When it comes to the topic of Lee Daley, the former McCann-Erickson
senior manager who has just taken charge of WPP's Red Cell network,
there are few neutrals.
The one-time account man turned strategic planner polarises opinion.
At one of his previous agencies, bosses had to remove him from certain
pieces of business because his forthright views were said to be needling
some clients too much. Others, though, couldn't get enough of his
passion and commitment.
Indeed, he's said to possess so much of it he reduced one McCann client
to tears with the emotional power of his presentation.
On some things, though, there is almost universal agreement. Daley, 38,
is exceptionally bright, nakedly ambitious, a workaholic and a deft
handler of the kind of big international clients that Red Cell seeks to
add to its roster.
"If anybody can give Red Cell the leadership it needs, it's Lee,"
Malcolm Summerfield, the former McCann chief executive who is now the
chairman of Summerfield Wilmot Keene, says.
A member of a Grimsby fishing family, Daley has Robin Wight to thank for
his entry into the business after he was hired as a WCRS graduate
trainee in 1986. A spell at Manchester's Bowden Dyble Hayes - now
BDH/TBWA - honed his experience of integrated marketing and he went on
to join DMB&B, then enjoying a renaissance under Graham Hinton and Tony
His reputation flourished at Cromer & Company in the early 90s. "He was
cool and unconventional but he had some interesting ideas," Gary
Stolkin, the agency's managing director, recalls.
Daley followed the agency into its merger with the McCann London office
where his new masters quickly spotted his potential.
Assigned to the agency's Van den Bergh account, he played a key role in
orchestrating its reaction to the controversial banning by the
Independent Television Commission of 1992's "I can't believe it's not
The Unilever subsidiary went on the offensive by running full-page ads
in the national press featuring stills from the commercial. "Lee had a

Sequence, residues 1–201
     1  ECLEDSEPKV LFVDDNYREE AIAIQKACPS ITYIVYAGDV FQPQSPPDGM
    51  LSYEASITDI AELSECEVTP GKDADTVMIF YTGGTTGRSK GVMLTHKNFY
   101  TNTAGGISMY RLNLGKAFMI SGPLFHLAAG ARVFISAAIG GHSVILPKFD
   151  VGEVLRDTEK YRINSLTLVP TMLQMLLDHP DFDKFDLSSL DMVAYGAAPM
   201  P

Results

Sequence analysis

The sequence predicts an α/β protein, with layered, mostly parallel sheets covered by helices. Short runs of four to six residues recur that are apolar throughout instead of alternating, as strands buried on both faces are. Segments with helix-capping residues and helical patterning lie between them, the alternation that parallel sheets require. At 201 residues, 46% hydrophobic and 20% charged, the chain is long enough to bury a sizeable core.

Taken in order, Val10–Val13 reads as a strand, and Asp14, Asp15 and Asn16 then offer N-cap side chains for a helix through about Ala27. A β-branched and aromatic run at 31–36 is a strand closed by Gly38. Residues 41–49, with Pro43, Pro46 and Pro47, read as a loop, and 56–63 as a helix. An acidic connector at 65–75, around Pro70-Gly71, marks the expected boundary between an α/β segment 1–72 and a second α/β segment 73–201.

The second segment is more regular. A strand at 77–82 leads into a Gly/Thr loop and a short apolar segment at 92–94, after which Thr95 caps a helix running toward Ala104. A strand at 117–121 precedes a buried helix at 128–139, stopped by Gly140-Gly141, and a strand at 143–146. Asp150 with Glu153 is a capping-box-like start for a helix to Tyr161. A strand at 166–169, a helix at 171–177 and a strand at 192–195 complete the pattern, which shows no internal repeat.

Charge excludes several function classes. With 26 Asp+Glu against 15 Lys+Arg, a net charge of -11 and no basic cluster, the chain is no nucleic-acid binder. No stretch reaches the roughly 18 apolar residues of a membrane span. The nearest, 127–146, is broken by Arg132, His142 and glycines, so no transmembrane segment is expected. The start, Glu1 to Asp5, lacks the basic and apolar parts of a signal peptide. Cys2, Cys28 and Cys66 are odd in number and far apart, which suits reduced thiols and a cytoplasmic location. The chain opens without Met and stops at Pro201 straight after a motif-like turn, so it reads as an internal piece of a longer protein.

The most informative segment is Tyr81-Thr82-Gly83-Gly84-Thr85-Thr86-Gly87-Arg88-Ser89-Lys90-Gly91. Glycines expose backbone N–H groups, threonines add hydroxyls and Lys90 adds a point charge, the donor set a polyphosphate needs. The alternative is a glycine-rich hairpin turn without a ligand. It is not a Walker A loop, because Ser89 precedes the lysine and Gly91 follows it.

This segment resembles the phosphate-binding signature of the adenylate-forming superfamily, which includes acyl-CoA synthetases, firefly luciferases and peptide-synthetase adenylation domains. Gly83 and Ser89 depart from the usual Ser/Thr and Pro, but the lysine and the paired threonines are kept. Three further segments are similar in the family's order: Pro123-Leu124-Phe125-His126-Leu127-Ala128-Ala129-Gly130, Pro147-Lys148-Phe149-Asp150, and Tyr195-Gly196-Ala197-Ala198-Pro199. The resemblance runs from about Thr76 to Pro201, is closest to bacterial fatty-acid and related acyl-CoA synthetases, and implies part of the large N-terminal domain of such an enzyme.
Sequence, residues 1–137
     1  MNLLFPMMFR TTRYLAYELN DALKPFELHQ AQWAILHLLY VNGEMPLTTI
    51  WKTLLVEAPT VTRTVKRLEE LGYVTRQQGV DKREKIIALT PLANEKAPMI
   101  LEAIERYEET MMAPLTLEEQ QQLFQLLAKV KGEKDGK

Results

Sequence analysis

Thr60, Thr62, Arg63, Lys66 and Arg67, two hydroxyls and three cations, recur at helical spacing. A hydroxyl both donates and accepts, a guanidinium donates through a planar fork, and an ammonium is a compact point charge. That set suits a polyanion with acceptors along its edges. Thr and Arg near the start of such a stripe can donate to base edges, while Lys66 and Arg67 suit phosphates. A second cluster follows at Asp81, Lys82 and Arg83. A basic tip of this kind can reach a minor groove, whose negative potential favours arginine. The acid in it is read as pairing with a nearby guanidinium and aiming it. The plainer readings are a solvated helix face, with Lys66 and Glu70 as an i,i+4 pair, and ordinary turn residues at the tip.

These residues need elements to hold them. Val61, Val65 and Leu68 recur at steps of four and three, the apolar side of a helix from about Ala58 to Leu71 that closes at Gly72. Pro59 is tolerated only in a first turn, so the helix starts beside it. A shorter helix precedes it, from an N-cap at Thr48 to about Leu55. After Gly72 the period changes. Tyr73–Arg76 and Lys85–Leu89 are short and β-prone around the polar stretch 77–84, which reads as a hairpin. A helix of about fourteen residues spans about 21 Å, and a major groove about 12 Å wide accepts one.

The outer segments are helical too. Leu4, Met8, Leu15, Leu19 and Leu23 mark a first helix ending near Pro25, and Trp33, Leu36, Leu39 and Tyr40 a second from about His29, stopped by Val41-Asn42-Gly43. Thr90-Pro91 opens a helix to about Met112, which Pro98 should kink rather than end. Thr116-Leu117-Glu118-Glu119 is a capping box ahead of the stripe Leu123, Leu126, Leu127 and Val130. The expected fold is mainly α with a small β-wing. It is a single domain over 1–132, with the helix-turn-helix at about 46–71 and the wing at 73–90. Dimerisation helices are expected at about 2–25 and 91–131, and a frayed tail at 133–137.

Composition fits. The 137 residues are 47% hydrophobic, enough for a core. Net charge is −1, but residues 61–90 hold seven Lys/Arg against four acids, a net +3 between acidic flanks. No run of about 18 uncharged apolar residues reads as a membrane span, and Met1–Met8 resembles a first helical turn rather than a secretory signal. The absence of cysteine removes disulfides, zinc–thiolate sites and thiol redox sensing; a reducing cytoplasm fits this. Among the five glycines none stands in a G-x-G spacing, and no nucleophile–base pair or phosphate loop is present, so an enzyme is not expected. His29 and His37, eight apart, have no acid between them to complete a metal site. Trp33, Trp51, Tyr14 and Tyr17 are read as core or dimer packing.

lot more to do with that than anybody realises," a McCann colleague at
the time says.
But it was his sojourn in New York that proved to be the defining period
of his career. He arrived in December 1994 on a Kummel scholarship,
which allows McCann executives to broaden their experience in foreign
He immediately impressed David Warden, then running McCann's New York
office and now acting chairman for the UK and Ireland. "He was not only
razor-sharp but passionate about the business and about creativity," he
says. "There was no way I was going to let him come back to the UK."
The late Peter Kim, hired from J. Walter Thompson to transform McCann's
global strategy, was Daley's mentor and gave him his introduction to
planning on the grand scale.
Thoughts of an early return to Britain were banished as he first took
charge of the $100 million L'Oreal global account before going on
to run Amster Yard. Set up as a creative boutique by the then McCann
chairman, John Dooner, the agency's raison d'etre was Coca-Cola.
Dooner's gameplan was to hold the agency in reserve and ready to offer
to McCann's giant drinks client which, at the time, was looking beyond
its core networks for creative solutions. Coke never took up the option
although Amster Yard did put on more than $130 million worth of
business in two years and produced a successful global campaign for
Daley was called back to McCann in London by Jim Heekin, then the
network's European boss, as chief strategic officer for Europe, the
Middle East and Africa, and put in charge of Nestle's global business as
well as General Motors across Europe. But those who knew him sensed a
restlessness that McCann would not be able to contain.
Some suggest Daley's departure in July reflected the fact that the
agency was not big enough to accommodate two such giant egos as those of
Daley and Ben Langdon, then the UK chairman.
"They might get pissed together talking about Manchester United and Lee
was one of the few people whose intellect Ben respected," a former
colleague says. "But there was real rivalry between them."
Others believe that Daley was just too much of a livewire for McCann's
confining environment. "He was always difficult to place within our
structure," a McCann senior executive acknowledges.
Daley says he simply wanted a brief spell away from perpetual plane
trips to spend the summer with his wife and two small children. However,
he confesses to an irresistible urge to try something new and shrugged
aside job offers from both sides of the Atlantic, including one from Leo
Burnett, to take up Sir Martin Sorrell's offer to run Red Cell.
He approaches the job with typical enthusiasm. He's convinced that Red
Cell's offering to "challenger" brands couldn't be more apposite and
that the network is an ideal vehicle for developing his ideas about
allying advertising more closely with the entertainment industry.
"The Red Cell product hasn't been clearly defined enough for clients,"
he says. "That's my job."
If there's a downside to Daley's appointment, it's that he's never had
to manage people on such a scale before. The upside is an almost
obsessive desire to keep clients happy. "He'll kick, scream and cajole,"
an associate predicts. "But he'll also inspire."